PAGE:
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Trailer Tracker: Lawless, G.I. Joe: Retaliation and More

Moonshine, skeeters and Stetsons – that’s the flavor of the first trailer for Lawless, the gangster western starring Shia LaBeouf, Tom Hardy, Gary Oldman and Guy Pearce from The Road director John Hillcoat. We also bring to you the new, too-awesome-to-ignore trailer from this summer’s G.I. Joe: Retaliation featuring more destruction, more gadgets and more Dwayne Johnson.

From Super Size Me director Morgan Spurlock and producers Will Arnett and Jason Bateman comes Mansome, a doc looking at the changing trends of male “beauty.” Finally from Jonathon Dayton (director of Oscar-winner Little Miss Sunshine) comes Ruby Sparks, a romantic fantasy starring Paul Dano, Annette Benning and Antonio Banderas.  There’s no need for you to pinch yourself, this is no fantasy – it’s Trailer Tracker.



Aussie John Hillcoat has been making a steady name for himself stateside, beginning with his acclaimed revenge western The Proposition starring Guy Pearce. He followed up that indie hit with the grim Cormac McCarthy apocalypse film The Road and now has assembled his most star-packed effort to date with Lawless. Previously titled The Wettest County, Hillcoat’s depression-era drama collects Shia LaBeouf, Tom Hardy, Jessica Chastain, Mia Wasikowska, Guy Pearce and Gary Oldman, all with a look that evokes Boardwalk Empire and Public Enemies.

Focussing on the three real-life Bondurant brothers (LaBeouf, Hardy and Jason Clarke) living rural Virginia, the family runs a successful moonshine business until they find trouble from the corrupt law officials who want a piece of the profits. The trailer focuses on gritty action, but looking at all the elements assembled, we can be certain there is a potent family drama at the film’s core. Many will argue that LaBeouf is the weak link in the chain, but when distanced from flashy blockbuster escapism, he is capable of solid work. Lawless comes from a novel written by one of the three Bondurant brothers and has been adapted by musician and writer Nick Cave (who also scripted The Proposition). Considering everything, if this is anything less than excellent I’m sure it will be regarded as disappointing.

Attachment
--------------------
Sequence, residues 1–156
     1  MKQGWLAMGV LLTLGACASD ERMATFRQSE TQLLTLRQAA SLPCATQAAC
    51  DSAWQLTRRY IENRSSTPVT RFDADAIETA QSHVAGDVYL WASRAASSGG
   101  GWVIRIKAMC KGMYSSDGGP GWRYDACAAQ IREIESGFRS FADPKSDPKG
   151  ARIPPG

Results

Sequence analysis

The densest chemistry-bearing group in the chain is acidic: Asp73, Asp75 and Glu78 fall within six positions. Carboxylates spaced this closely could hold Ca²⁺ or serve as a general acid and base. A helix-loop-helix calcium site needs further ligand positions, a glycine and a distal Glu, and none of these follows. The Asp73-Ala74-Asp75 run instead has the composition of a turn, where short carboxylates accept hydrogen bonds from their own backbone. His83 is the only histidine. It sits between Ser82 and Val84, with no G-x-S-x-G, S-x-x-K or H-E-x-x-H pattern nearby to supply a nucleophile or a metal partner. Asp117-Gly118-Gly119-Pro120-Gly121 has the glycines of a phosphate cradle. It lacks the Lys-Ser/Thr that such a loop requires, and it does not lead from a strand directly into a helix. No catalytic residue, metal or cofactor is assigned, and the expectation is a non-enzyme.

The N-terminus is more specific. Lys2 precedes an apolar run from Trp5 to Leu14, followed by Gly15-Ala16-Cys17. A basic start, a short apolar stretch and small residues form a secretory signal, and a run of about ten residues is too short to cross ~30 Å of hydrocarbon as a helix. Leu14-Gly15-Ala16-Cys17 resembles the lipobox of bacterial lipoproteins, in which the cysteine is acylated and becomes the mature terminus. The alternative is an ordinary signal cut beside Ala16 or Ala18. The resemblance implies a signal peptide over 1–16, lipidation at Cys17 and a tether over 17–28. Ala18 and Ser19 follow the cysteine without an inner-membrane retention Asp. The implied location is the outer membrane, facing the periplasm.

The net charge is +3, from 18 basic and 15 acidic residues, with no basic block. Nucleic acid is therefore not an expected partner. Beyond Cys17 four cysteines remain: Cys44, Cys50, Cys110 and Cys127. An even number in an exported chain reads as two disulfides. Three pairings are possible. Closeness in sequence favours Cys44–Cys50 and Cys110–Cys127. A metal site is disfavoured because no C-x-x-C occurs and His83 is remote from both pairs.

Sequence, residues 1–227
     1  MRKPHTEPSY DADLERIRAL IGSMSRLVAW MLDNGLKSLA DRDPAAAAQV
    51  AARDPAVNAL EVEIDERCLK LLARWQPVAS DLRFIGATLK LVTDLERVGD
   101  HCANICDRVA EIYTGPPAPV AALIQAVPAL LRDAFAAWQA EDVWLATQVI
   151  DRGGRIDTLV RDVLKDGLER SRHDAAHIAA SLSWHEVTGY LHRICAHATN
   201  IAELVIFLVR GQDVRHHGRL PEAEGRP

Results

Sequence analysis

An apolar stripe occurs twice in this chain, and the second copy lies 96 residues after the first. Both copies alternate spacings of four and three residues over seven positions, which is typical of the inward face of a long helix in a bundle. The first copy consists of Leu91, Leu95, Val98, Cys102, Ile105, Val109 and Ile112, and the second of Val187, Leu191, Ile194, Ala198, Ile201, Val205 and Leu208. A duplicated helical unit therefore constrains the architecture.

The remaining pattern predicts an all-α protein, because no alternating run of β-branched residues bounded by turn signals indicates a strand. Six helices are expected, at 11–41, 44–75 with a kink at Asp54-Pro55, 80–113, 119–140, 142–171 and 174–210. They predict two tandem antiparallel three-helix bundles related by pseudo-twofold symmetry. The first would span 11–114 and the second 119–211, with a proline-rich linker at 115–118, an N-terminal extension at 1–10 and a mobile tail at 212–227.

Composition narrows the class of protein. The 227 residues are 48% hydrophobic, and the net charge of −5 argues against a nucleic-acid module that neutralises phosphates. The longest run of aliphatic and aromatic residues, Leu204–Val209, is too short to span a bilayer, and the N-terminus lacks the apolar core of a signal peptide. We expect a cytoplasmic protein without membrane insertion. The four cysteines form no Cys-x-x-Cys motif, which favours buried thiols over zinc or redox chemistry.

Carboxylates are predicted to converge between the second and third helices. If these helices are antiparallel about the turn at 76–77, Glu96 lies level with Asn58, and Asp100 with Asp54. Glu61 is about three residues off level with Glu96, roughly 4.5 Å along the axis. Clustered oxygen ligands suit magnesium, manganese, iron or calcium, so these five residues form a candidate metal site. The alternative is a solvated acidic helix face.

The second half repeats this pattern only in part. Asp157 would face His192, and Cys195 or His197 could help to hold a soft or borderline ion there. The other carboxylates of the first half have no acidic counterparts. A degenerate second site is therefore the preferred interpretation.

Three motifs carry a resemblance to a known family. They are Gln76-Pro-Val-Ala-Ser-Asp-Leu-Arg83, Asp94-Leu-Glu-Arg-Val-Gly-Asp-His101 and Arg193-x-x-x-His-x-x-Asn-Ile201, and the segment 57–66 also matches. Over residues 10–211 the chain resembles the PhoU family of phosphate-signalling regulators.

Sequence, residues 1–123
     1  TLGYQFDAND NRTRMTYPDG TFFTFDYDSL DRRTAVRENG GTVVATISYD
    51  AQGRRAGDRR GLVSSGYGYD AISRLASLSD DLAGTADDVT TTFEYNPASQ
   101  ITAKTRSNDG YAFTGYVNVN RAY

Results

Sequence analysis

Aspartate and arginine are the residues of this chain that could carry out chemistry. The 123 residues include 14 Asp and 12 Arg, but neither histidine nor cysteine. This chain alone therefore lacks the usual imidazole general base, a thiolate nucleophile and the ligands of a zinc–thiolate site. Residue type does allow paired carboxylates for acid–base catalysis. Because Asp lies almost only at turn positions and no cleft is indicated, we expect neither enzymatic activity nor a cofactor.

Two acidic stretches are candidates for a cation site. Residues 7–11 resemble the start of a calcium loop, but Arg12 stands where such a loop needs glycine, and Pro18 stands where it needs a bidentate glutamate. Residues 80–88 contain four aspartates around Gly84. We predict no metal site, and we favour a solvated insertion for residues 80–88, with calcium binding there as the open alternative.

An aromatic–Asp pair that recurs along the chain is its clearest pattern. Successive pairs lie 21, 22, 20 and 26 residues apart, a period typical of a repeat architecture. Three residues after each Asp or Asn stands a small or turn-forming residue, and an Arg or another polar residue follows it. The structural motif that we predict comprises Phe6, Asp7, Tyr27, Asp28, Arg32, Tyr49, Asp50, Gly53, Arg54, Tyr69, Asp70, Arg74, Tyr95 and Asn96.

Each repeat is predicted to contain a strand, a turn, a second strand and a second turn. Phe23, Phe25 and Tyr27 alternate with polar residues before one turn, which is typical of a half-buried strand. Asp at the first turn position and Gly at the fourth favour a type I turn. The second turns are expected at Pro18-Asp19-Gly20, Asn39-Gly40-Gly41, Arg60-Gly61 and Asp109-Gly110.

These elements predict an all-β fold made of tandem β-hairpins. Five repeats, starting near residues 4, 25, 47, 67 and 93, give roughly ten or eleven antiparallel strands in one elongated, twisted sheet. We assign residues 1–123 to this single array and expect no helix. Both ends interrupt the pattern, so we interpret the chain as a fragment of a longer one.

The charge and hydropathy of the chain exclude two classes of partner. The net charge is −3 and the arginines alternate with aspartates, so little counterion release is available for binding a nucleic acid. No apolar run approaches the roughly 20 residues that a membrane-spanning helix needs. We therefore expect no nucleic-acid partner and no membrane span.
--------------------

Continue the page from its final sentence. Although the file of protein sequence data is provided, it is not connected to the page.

G.I. Joe: Retaliation

The “G.I. Joe” sequel has been steadily rising from the ashes from what was a mostly maligned original outing in G.I. Joe: The Rise of Cobra. First, the casting piqued interest when it was announced that Dwayne Johnson and Bruce Willis would be joining, and then more took note when the initial trailers were released. Promising grittier action and less camp, the “mountain ninja scene” became the thing to chat about. Now, on the verge of summer movie season, Paramount has unleashed a brand new trailer and it’s the best one yet. Jammed packed with new, intimidating-looking vehicles and gadgets, (and hinting at the destruction of London) frankly, if you’re not sold as this point you never will be.


Morgan Spurlock is quickly replacing Michael Moore as the pop-culture documentarian for our age having already tackled mainstream (but still inherently touchy) subjects including fast food and product placement. Now it’s on to the new age of metrosexuals and manscaping with Mansome, a comedic look at the huge aughties shift in male grooming. Featuring interviews with a slew of notable comedians including Jason Bateman, Will Arnett, Adam Corolla, Zach Galifianakis, John Waters and Judd Apatow, it certainly doesn’t look like this will be an earth-shaking exploratory documentary, but that doesn’t mean it doesn’t have something poignant to say. Plus, the title is awesome – wait, sorry — man-tastic.

Ruby Sparks

In his post Little Miss Sunshine/There Will Be Blood days, Paul Dano has become an insufferable blight on my cinematic viewing experience.  He has taken the mantle of quirky flake in a number of indie efforts and I have yet to find a recent performance I can admire, let alone stand. Now, that being said, I will lift my vale of pessimism in the case of Ruby Sparks, a charming looking romance in the vein of Stranger Than Fiction. In “Ruby” a struggling author (Dano) writes a character which embodies his perfect woman. The rub: his creation comes alive and he must weigh being with the lady of his dreams or revealing the truth to her. Essentially, any romantic offering that deviates from the doldrums of the mainstream has at least my partial interest and Ruby Sparks has more than that, despite my lack of affinity for its lead.


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